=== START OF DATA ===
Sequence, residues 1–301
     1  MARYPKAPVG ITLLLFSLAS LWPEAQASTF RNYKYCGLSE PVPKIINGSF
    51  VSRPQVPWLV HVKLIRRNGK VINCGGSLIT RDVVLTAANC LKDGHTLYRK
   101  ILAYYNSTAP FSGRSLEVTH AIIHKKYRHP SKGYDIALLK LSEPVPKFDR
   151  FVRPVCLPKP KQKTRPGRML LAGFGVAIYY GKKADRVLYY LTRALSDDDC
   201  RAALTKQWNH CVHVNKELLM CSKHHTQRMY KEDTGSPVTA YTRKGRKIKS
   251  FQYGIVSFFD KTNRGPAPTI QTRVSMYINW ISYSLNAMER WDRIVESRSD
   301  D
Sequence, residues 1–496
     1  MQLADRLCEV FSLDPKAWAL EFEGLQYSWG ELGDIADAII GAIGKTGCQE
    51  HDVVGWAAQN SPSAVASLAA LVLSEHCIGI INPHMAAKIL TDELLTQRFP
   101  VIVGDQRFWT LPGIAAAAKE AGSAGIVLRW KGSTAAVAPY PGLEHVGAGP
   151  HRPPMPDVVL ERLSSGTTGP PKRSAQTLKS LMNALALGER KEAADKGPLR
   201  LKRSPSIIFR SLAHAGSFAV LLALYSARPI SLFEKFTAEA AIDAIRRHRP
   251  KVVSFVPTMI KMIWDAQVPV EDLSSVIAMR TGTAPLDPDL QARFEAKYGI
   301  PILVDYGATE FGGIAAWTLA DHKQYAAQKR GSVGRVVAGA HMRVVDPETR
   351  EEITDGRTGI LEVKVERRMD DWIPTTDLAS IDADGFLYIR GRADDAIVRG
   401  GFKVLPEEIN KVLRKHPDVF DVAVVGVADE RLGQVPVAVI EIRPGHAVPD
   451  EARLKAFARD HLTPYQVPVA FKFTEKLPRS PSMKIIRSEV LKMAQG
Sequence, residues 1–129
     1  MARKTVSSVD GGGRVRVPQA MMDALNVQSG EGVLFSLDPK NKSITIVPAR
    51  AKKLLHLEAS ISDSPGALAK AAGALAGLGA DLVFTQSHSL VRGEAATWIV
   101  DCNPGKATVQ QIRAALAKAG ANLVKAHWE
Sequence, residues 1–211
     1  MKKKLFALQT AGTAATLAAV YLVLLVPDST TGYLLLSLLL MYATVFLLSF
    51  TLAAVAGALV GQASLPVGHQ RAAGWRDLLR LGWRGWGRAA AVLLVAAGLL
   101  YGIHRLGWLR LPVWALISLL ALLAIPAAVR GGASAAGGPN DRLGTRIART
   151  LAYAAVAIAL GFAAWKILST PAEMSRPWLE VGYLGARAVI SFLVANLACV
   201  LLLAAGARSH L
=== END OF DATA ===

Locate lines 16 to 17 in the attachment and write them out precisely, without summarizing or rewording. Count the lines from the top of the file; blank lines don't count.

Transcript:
   301  PILVDYGATE FGGIAAWTLA DHKQYAAQKR GSVGRVVAGA HMRVVDPETR
   351  EEITDGRTGI LEVKVERRMD DWIPTTDLAS IDADGFLYIR GRADDAIVRG